Most animals are complex multicellular organisms that require a mechanism for transporting nutrients throughout their bodies and removing waste products. The circulatory system has evolved over time from simple diffusion through cells in the early evolution of animals to a complex network of blood vessels that reach all parts of the human body. This extensive network supplies the cells, tissues, and organs with oxygen and nutrients, and removes carbon dioxide and waste, which are byproducts of respiration and other cellular activities.
Circulatory systems differ significantly throughout the Animal Kingdom. In all vertebrate organisms, as well as some invertebrates, this is a closed-loop system, in which the blood is not free in a cavity. In a closed circulatory system, blood is contained inside blood vessels and circulates unidirectionally from the heart around the systemic circulatory route, then returns to the heart again. As opposed to a closed system, arthropods—including insects, crustaceans, and most mollusks—have an open circulatory system. In an open circulatory system, the blood is not enclosed in the blood vessels but is pumped into a cavity called a hemocoel and is called hemolymph because the blood mixes with the interstitial fluid.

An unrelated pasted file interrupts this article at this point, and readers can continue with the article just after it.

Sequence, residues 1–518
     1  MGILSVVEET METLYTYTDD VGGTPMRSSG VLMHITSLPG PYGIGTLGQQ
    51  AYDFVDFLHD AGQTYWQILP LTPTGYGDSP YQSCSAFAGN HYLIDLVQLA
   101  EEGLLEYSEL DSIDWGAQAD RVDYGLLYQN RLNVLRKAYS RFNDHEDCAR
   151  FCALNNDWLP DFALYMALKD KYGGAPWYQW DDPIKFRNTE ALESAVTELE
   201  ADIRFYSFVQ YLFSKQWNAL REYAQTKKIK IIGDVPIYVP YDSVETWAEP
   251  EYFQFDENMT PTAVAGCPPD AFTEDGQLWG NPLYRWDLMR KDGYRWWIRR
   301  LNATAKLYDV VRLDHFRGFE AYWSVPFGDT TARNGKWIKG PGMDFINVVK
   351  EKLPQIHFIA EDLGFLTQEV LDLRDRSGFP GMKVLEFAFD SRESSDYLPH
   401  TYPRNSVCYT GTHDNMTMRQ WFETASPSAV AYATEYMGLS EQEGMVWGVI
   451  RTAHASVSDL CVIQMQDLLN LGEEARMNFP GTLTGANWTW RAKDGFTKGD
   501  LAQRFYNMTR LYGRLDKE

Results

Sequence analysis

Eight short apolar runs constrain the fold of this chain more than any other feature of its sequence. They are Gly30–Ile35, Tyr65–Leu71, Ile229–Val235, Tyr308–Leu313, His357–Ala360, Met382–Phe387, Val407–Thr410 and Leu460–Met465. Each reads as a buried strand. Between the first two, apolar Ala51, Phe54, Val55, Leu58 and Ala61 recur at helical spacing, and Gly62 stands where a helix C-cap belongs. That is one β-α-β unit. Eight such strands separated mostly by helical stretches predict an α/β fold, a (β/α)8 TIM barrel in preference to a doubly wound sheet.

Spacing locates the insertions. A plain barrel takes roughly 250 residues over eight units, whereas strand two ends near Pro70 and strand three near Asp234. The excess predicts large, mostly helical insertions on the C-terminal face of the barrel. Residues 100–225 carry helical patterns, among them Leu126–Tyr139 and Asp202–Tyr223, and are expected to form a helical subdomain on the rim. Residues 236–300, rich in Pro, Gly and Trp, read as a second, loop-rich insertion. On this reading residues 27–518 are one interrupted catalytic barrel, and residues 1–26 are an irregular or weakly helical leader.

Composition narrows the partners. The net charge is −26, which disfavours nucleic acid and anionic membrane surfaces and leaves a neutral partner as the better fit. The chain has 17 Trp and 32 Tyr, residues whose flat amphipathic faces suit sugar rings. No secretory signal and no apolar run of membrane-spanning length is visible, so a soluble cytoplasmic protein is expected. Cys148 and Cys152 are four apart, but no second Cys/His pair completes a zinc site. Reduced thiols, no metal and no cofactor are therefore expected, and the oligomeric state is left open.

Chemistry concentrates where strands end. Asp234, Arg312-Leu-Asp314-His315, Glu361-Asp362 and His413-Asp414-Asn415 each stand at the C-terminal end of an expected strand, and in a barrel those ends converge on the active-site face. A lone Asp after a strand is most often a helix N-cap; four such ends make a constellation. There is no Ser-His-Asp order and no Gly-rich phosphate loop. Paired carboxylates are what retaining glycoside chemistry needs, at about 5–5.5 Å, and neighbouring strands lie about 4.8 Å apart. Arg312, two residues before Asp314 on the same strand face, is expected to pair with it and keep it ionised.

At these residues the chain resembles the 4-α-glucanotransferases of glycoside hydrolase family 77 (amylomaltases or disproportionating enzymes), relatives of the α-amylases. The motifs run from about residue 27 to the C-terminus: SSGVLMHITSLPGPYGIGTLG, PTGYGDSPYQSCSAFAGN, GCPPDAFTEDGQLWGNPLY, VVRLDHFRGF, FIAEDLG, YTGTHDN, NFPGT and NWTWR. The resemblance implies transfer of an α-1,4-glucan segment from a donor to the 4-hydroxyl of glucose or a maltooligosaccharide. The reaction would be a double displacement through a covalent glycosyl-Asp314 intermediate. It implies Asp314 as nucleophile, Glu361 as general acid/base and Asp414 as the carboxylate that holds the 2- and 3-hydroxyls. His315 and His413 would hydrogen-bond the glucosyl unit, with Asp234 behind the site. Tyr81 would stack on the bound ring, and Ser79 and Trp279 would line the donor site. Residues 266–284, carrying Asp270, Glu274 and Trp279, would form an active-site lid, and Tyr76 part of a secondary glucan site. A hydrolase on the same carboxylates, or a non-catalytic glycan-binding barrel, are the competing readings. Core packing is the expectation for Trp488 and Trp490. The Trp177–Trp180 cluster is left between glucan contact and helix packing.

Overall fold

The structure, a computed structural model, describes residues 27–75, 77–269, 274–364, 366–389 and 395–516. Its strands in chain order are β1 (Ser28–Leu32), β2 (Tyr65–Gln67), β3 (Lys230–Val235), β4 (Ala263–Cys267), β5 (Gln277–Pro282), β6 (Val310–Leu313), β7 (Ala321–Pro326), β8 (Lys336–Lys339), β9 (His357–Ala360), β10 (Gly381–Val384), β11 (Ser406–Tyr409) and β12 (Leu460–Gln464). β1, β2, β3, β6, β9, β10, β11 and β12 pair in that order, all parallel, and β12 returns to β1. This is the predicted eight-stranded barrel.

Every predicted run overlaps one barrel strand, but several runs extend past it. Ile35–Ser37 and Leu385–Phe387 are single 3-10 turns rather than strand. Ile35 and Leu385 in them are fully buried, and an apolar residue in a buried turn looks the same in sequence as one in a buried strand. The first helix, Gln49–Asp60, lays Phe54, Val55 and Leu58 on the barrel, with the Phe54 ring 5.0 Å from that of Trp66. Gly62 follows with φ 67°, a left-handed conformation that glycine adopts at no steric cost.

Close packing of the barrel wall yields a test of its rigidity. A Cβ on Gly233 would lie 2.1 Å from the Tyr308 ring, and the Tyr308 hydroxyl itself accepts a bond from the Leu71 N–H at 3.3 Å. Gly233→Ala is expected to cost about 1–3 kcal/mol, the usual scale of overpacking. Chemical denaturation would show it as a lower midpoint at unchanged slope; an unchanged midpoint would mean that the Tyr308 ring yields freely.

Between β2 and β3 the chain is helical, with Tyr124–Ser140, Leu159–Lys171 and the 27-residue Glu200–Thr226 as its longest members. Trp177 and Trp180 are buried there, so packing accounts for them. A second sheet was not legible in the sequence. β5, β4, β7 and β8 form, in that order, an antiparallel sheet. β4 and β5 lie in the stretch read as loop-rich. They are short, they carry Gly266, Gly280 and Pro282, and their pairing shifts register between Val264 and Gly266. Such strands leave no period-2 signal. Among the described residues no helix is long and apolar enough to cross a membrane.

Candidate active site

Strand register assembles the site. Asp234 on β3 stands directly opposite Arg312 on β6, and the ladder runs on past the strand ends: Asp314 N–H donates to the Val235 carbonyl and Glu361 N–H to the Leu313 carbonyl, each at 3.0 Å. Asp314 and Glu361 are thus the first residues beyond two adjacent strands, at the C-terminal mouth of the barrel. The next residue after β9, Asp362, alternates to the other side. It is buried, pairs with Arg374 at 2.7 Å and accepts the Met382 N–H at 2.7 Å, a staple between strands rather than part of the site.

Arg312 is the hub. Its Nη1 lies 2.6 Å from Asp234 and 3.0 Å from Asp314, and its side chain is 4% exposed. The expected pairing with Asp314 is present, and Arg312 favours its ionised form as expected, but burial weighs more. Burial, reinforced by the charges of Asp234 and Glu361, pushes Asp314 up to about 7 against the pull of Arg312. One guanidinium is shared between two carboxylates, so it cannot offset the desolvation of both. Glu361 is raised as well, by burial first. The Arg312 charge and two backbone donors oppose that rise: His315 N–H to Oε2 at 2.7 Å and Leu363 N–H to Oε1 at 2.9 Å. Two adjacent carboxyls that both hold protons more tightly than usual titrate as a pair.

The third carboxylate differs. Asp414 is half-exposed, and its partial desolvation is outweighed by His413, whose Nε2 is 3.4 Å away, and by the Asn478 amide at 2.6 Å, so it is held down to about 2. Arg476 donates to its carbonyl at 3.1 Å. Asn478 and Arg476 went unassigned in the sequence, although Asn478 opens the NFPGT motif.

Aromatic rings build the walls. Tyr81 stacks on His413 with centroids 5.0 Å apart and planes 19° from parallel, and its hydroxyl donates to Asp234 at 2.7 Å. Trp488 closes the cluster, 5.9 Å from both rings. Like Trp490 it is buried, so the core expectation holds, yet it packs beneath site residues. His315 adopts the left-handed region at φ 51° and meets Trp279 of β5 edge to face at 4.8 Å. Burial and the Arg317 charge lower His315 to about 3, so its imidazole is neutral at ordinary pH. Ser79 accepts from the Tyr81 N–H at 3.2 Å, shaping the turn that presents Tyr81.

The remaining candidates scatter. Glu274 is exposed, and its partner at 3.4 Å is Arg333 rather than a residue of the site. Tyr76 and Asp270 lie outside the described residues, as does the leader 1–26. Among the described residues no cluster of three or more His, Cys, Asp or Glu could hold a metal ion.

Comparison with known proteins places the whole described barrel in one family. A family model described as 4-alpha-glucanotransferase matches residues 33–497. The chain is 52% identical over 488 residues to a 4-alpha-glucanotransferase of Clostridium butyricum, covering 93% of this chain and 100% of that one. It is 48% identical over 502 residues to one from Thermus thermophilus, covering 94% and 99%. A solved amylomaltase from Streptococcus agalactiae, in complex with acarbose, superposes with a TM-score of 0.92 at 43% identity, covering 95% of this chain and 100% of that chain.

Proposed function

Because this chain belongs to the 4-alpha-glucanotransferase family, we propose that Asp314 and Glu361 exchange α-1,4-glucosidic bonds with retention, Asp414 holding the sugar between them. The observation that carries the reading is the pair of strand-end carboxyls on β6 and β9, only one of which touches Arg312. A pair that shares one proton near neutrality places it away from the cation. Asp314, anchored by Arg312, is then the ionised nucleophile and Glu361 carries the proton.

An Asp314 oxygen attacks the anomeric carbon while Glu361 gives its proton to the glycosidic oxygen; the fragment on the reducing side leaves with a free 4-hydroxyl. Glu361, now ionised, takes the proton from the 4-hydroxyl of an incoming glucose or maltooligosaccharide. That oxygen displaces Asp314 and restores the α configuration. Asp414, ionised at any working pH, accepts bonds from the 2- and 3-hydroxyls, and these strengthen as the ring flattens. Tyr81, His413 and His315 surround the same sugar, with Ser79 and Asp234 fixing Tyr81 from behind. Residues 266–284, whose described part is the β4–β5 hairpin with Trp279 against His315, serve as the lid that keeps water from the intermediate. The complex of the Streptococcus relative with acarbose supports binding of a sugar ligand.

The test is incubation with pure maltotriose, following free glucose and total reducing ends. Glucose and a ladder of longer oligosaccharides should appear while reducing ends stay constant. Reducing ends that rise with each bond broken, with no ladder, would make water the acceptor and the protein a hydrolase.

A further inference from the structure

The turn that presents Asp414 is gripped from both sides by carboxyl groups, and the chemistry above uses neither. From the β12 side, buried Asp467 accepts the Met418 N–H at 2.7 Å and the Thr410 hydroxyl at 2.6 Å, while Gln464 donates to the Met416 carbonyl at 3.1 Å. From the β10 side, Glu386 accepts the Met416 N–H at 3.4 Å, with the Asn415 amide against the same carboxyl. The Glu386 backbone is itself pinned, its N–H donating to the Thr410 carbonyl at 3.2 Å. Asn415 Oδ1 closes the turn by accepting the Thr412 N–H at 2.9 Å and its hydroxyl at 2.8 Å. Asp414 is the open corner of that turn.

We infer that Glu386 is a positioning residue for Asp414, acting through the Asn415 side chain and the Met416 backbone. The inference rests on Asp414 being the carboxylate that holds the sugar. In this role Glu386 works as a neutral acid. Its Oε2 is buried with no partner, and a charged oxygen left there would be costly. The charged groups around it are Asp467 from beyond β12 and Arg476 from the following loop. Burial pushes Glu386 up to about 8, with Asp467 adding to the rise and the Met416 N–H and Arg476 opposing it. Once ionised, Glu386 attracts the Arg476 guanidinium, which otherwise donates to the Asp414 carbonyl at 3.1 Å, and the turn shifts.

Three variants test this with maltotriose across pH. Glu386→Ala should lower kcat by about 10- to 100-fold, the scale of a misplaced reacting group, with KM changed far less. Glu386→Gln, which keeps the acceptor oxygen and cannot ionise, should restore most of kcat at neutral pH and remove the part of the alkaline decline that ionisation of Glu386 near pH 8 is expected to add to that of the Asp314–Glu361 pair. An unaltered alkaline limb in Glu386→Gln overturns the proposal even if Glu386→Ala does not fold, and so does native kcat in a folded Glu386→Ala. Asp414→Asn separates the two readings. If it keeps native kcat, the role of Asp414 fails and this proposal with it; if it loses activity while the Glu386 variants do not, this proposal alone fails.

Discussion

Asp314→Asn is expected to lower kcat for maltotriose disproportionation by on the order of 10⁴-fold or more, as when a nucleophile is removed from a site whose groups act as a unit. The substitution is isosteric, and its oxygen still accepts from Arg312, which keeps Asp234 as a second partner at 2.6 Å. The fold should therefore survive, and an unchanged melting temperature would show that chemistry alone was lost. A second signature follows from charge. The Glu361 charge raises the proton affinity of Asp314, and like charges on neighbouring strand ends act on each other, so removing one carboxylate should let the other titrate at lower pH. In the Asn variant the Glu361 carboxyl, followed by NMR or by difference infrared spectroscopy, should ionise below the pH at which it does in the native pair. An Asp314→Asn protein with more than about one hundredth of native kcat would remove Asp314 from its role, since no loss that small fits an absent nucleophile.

Mammalian Heart and Blood Vessels:
The mammalian circulatory system is divided into three circuits: the systemic circuit, the pulmonary circuit, and the coronary circuit. Blood is pumped from veins of the systemic circuit into the right atrium of the heart, then into the right ventricle. Blood then enters the pulmonary circuit and is oxygenated by the lungs. From the pulmonary circuit, blood re-enters the heart through the left atrium. From the left ventricle, blood re-enters the systemic circuit through the aorta and is distributed to the rest of the body.
Exercise 1: Structure of the Heart
- Human Heart Model
- Using the model of the human heart and the chart provided, locate the different structures of the heart. Write the flow of the blood and the function of each structure in the space provided:
Right atrium: __________________________________________
Tricuspid valve: __________________________________________
Right ventricle: __________________________________________
Left atrium: __________________________________________
Bicuspid/Mitral valve: __________________________________________
Left ventricle: __________________________________________
Exercise 2: Blood Type and RH factor.
Blood is important for regulation of the body’s systems and homeostasis. Blood helps maintain homeostasis by stabilizing pH, temperature, osmotic pressure, and by eliminating excess heat. Blood supports growth by distributing nutrients and hormones, and by removing waste. Blood plays a protective role by transporting clotting factors and platelets to prevent blood loss and transporting the disease-fighting agents or white blood cells to sites of infection.
Microscope work: Use one of the light microscopes to explore a slide of a human blood smear. The leukocytes (white blood cells) are stained purple (nuclear staining) and far less common than the erythrocytes (red blood cells). Count the number of leukocytes in your view at the medium magnification. How many are there?